Expert comment: Homeless deaths nine times higher in deprived areas

Patrick Mulrenan, a Housing and Community Development expert at London Met, comments on the recent news that homeless deaths are nine times higher in deprived areas.

Date: 26 February 2019

Patrick Mulrenan, course leader for Community Development and Leadership BSc, said:

"News outlets have recently reported that the death rate for homeless people is nine times higher in poor areas than rich areas. A recent ONS report shows that there were nearly 600 deaths among homeless people nationally in 2017. The highest number of deaths (21) was in Manchester, but the highest death rate per head of population was in Blackburn with Darwen.

"The appallingly short lifespan of people living on the street (on average 44 years for men, and 42 for women) is well documented. But this is another depressing addition to the evidence that the health of people in poor areas is much worse than in richer areas. For each stop of the Jubilee line in London from wealthy Westminster to poorer Canning Town, average life expectancy falls by one year.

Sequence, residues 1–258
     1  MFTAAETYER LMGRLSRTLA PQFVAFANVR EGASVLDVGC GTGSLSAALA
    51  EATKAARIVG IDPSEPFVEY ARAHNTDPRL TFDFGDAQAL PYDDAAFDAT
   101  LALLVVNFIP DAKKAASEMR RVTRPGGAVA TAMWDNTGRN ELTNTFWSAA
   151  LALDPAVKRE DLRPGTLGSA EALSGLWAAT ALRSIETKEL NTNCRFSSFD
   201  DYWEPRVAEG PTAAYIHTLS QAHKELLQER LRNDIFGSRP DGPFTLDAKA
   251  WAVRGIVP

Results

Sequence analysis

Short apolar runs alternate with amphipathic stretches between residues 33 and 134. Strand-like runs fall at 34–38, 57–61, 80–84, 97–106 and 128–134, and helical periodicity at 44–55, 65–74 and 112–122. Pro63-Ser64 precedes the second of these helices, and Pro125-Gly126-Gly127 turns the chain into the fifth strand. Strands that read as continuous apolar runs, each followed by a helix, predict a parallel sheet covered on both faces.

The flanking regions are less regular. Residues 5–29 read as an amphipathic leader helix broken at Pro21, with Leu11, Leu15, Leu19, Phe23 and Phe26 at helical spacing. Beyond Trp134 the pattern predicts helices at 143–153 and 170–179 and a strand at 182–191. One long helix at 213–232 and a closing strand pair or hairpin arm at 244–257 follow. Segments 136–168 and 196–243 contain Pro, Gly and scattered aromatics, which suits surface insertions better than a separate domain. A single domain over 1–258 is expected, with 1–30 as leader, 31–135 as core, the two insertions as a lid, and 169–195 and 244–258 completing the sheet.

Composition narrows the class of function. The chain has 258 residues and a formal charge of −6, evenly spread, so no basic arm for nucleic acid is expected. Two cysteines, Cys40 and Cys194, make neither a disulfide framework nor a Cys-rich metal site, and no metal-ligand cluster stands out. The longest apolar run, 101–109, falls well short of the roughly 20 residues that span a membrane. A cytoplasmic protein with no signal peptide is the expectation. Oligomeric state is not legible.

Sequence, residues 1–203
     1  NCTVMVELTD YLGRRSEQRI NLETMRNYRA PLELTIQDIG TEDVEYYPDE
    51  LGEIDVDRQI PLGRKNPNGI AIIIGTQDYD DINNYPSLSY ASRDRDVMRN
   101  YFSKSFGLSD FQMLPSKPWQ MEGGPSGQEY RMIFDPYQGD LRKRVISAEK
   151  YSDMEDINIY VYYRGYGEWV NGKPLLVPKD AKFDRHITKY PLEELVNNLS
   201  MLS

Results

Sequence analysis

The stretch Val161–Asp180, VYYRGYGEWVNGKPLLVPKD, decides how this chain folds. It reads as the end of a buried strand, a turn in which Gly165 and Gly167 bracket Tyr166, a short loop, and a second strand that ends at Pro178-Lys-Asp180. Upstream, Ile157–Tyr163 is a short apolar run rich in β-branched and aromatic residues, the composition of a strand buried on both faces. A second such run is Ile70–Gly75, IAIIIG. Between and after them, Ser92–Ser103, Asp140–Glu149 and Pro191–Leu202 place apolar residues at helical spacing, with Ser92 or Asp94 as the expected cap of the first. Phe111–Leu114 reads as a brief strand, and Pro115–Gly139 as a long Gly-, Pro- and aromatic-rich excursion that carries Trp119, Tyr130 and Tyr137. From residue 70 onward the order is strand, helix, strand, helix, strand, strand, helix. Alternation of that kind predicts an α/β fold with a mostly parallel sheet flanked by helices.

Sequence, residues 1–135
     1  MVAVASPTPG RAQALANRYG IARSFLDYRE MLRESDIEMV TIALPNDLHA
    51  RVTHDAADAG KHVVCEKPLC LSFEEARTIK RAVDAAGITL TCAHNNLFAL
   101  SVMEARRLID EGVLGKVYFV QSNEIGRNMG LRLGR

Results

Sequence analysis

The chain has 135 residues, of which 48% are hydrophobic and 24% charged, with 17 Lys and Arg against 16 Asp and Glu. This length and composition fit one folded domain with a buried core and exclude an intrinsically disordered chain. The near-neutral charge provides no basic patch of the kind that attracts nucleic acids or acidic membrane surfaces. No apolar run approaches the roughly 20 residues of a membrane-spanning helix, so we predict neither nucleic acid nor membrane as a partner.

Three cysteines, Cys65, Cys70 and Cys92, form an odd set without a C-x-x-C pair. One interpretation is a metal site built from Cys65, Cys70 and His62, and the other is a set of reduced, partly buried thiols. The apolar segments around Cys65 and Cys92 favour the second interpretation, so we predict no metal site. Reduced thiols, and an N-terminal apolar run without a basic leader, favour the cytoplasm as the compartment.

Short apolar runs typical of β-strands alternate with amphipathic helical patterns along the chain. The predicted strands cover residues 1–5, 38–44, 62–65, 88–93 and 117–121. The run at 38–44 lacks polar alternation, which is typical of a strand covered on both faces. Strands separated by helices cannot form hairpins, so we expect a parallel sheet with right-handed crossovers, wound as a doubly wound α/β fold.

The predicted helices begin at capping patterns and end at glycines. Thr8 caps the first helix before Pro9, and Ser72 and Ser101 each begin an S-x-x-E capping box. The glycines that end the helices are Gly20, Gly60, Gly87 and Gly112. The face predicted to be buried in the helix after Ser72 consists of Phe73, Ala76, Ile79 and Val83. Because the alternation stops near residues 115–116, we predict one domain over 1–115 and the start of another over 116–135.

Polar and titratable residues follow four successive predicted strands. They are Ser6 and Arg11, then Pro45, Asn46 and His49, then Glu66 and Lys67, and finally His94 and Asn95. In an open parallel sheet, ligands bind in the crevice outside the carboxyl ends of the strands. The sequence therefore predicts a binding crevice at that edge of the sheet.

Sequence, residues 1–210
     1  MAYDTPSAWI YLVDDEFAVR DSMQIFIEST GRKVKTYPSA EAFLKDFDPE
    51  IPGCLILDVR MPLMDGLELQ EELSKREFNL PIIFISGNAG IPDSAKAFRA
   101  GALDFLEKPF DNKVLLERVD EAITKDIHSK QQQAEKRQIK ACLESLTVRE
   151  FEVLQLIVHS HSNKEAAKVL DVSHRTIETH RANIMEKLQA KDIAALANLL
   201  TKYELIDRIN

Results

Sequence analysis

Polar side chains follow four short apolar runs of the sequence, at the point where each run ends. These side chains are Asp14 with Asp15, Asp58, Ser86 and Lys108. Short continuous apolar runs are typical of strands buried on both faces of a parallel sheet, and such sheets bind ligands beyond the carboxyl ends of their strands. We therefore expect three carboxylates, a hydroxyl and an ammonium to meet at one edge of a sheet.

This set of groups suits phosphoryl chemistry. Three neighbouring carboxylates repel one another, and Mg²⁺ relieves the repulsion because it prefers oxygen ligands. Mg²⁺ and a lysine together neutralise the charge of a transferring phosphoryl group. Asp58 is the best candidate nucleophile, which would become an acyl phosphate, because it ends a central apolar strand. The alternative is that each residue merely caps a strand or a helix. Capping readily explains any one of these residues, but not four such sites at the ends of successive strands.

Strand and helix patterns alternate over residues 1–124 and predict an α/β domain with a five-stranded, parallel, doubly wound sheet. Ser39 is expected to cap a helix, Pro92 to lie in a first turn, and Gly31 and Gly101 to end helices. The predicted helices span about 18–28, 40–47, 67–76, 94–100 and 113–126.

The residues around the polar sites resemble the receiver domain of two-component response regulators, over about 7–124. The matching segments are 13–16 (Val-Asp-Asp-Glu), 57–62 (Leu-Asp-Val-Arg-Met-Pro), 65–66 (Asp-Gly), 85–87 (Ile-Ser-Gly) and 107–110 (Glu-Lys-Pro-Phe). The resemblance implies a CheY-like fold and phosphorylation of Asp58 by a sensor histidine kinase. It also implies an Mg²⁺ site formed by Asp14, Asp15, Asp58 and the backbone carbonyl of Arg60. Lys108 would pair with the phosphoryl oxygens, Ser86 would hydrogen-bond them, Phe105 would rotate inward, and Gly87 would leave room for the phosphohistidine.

"In terms of health outcomes, statistics indicate a society like the Titanic, where you were more likely to survive as a man in first class than a woman in third class. Unfortunately for many of those living on the street, there’s no rescue in sight."